The use of a language in church that the congregation does not understand is another issue. How can people know what is being said when it is spoken in a dead language, such as Latin?
Purgatory and indulgences are another non-Biblical teaching. Claiming someone can work off their sin after death or pay a fee to the church to have their sin wiped from the record is not mentioned in the Bible. In fact, it tells us that only Jesus has the power to erase sin.
Indeed, any works-related teaching (telling people that they must do things through the church to be saved) has no grounding in scripture.
Worship of the dead
This is called Necromancy in the Old Testament and, while there is an example in the Old Testament of bones healing people, it is clear that this is an exception. God makes it clear that worshipping or consulting the dead is not acceptable.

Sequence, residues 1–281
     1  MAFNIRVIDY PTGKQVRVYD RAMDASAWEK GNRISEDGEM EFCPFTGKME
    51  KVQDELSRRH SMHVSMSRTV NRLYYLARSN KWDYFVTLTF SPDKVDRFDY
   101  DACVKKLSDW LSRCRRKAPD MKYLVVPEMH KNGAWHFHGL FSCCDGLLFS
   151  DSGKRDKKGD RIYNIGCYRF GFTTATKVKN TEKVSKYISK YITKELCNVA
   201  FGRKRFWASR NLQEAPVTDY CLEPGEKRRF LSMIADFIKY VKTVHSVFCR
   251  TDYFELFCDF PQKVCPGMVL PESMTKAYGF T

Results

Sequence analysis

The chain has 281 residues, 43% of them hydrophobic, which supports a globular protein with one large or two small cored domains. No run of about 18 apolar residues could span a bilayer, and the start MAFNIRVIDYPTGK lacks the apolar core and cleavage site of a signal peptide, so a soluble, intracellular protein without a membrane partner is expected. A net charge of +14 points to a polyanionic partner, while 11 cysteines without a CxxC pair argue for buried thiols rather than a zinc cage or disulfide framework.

So why is the Catholic Church doing it to this day? This BBC video, coupled with another gives you a taster of what’s still going on, and it isn’t pleasant.
A thing of the past? Well, here’s Pope Francis ‘venerating’ what are supposedly St. Peter’s bones. These practices are going on now, and regularly so.
Examining the Eucharist
Yes, Jesus did certainly ask us to remember him by eating bread and wine, but in no way did he ever say this was a literal re-eating of his body and blood, only possible by the magic work of a Catholic priest.
This is simply another assumption made without Biblical evidence.
What makes the ceremony more troubling for me is the translation of mass (meaning dismissal) coupled with the sun shaped bread disc and sun-design of the monstrance that ‘Jesus’s body’ is supposedly literally held in (pictured, below).
Signs, wonders and superstitions